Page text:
What shines in this novel is the Blackthorn family (and in extension Emma). In City of Heavenly Fire, the Blackthorns face a devastating lost when they discover that the Wild Hunt took possession of Mark after the Seelie Queen and Jonathan gave him up to Gwyn, the leader of the Hunt. And once the treaty was enacted, their sister Helen, who is also half-fae, is banished to Wrangel Island.

 

“These pictures are my heart. And if my heart was a canvas, every square inch of it would be painted over with you.”

For the past five years, Julian—with the help from his parabatai, Emma—has been holding his family together. I cannot express how much I enjoy reading about this broken yet determined character. That poor boy just breaks my heart. And his struggle and secrets will break yours. I love both his and Emma’s character developments. And Tiberius, who also has autism, snags what’s left of my heart.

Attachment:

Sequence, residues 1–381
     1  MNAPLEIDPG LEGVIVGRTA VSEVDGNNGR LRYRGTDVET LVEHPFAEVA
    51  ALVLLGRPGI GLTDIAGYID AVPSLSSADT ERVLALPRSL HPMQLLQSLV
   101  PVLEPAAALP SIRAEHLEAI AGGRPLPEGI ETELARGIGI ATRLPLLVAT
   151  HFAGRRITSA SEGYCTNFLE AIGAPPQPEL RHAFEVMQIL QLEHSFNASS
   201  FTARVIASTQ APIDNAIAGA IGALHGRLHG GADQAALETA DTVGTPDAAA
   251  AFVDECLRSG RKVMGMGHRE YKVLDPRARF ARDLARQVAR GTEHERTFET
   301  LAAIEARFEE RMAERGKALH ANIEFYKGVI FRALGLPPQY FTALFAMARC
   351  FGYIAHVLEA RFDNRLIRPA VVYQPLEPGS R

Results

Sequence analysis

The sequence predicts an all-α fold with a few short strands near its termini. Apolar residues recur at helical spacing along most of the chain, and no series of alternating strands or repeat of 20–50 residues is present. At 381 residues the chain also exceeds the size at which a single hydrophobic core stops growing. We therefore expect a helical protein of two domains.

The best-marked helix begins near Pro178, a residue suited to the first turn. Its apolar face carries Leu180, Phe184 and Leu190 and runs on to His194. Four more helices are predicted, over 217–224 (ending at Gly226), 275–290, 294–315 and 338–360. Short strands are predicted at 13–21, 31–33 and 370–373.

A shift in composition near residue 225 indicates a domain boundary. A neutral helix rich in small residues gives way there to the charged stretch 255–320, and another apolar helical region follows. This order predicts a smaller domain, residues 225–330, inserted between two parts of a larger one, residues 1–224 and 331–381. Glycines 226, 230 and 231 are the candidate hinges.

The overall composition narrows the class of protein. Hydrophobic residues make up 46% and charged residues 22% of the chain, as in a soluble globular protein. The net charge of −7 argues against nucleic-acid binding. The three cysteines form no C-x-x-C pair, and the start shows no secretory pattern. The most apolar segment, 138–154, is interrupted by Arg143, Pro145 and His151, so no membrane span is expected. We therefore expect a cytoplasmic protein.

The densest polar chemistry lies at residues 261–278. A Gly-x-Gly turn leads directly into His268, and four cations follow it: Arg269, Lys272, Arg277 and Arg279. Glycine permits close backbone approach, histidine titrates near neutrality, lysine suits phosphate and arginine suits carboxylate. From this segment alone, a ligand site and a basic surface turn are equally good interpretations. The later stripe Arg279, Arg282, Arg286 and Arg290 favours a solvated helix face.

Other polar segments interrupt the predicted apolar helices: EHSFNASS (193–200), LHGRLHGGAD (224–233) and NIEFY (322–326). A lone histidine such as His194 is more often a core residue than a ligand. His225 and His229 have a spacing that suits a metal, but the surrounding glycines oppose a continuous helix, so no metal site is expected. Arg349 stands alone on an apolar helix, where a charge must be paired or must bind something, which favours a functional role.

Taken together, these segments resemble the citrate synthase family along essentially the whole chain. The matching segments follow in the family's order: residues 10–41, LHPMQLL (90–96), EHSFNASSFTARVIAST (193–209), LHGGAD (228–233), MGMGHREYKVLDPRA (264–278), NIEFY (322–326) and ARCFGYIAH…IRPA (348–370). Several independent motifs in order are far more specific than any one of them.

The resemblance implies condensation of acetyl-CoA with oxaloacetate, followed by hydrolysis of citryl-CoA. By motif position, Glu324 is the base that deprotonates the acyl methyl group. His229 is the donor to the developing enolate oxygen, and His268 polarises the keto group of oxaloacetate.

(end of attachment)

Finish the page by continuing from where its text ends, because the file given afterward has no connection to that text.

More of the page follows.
Mark has always stuck out to me. I’ve been waiting to read his story when I last read COHF. Since the Wild Hunt took control of him, pain riddles his past. Sometimes reading his scenes was difficult to get through. But Cassie captures PTSD quite well. His love interest comes from his years in the Hunt. Unfortunately, I cannot stand Kieran, son of the Unseelie King. Fight me on my opinion, but their connection seems controlling. I felt as if Kieran owns Mark, and I hated this arc. If that love interest was written in a different way, I’d support it. Mark’s other potential love interest is with Cristina Mendoza Rosales, who I think is a breath of fresh air.

Emma stands out from the rest. Even though she lives with the Blackthorns, she survives off her vengeance alone. It fuels her need to avenge her family. She reminds me a little of Jace. Fans of the Shadowhunter world haven’t seen the disastrous consequences of parabatais falling in love. Obviously, Emma and Julian travel down this road, which has a chance to split their family apart.

With this new Shadowhunter series, Cassie gives you a dark and gritty storyline, a forbidden love, intriguing plot twists, and characters who will surely melt your heart. I’m curious to see what she has next in Lord of Shadows.